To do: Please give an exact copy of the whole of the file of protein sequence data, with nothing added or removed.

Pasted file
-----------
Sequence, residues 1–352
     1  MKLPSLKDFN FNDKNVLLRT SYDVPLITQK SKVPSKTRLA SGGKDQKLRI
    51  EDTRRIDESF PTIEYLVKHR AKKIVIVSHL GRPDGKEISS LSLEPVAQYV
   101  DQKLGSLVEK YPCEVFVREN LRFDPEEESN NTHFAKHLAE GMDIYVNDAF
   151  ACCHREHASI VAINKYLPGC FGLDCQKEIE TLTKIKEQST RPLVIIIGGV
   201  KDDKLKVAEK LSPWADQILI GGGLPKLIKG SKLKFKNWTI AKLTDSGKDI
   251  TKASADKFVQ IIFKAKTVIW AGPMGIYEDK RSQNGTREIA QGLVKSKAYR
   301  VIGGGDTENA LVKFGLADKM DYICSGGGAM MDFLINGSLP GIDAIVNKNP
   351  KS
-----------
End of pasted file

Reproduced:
Sequence, residues 1–352
     1  MKLPSLKDFN FNDKNVLLRT SYDVPLITQK SKVPSKTRLA SGGKDQKLRI
    51  EDTRRIDESF PTIEYLVKHR AKKIVIVSHL GRPDGKEISS LSLEPVAQYV
   101  DQKLGSLVEK YPCEVFVREN LRFDPEEESN NTHFAKHLAE GMDIYVNDAF
   151  ACCHREHASI VAINKYLPGC FGLDCQKEIE TLTKIKEQST RPLVIIIGGV
   201  KDDKLKVAEK LSPWADQILI GGGLPKLIKG SKLKFKNWTI AKLTDSGKDI
   251  TKASADKFVQ IIFKAKTVIW AGPMGIYEDK RSQNGTREIA QGLVKSKAYR
   301  VIGGGDTENA LVKFGLADKM DYICSGGGAM MDFLINGSLP GIDAIVNKNP
   351  KS